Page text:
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Thread: Paul's Ultralight DXing Photos Around Tasmania

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    Paul's Ultralight DXing Photos Around Tasmania

    A series of photos I have taken while out and about Ultralight DXing. I will continue to add to this thread as I undertake sessions from different locations.

    Bradys Lookout - 16/11/2013







    Bradys Lookout - 02/03/2014









    Mt Barrow - 08/03/2014

















    Round Hill Burnie / Mersey Bluff Devonport - 15/03/2014












    Last edited by pgbphotographytas; 17-03-2014 at 9:00am.

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    Ausphotography Addict feathers's Avatar
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    Was over the 7 wks ago,.. Brings back some great memories. Lovely country side

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    I have just posted my report from my ultralight dxing session in the Punchbowl reserve Launceston this morning. This report contains a number of photos from this session:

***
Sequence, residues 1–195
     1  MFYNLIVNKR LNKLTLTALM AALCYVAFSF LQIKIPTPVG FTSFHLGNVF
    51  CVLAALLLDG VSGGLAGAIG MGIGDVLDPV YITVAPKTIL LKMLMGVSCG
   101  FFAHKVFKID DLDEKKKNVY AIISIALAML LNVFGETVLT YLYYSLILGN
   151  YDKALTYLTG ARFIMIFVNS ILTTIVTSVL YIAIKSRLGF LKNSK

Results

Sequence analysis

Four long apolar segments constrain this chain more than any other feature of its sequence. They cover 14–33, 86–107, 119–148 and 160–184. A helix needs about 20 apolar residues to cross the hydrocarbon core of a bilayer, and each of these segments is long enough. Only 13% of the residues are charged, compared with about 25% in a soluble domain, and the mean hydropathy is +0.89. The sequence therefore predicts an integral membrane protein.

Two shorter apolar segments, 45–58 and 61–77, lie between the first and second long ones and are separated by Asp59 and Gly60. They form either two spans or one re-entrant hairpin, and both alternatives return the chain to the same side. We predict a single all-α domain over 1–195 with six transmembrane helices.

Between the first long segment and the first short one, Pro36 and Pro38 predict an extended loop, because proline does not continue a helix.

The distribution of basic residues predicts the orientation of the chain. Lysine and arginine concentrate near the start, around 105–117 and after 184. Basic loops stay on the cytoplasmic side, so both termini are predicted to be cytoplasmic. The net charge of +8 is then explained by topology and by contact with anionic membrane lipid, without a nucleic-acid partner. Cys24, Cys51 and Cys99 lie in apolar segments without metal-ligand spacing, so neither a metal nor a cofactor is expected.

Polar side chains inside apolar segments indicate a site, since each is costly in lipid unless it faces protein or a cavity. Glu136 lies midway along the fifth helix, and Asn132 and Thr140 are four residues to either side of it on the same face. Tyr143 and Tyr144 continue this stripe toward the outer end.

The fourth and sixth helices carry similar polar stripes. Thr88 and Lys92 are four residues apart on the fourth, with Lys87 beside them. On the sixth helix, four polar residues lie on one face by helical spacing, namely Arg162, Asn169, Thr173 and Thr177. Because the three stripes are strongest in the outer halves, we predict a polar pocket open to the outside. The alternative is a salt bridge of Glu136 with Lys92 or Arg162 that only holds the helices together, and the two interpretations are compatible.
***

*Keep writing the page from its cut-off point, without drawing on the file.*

http://ultralightdxing.blogspot.com....punchbowl.html

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    A couple of photos from last nights session on the bank of the Tamar River.












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    Ausphotography irregular Mark L's Avatar
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    Can you give a simple explanation of what Ultralight DXing is? (other than an excuse to get out and take photos).

    Think the smoke makes this the most interesting photo posted so far.

    Quote Originally Posted by pgbphotographytas View Post
    "Enjoy what you can do rather than being frustrated at what you can't." bobt
    Canon 80D, 60D, Canon 28-105, Sigma 150-600S, a speedlite, a tripod, a monopod, a remote release and a padded bag to carry things in.

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    An Introduction To Ultralight MW Radio DXing
    (From the UltralightDX Yahoo group - http://groups.yahoo.com/group/ultralightdx/]

    What is Ultralight MW Radio DXing?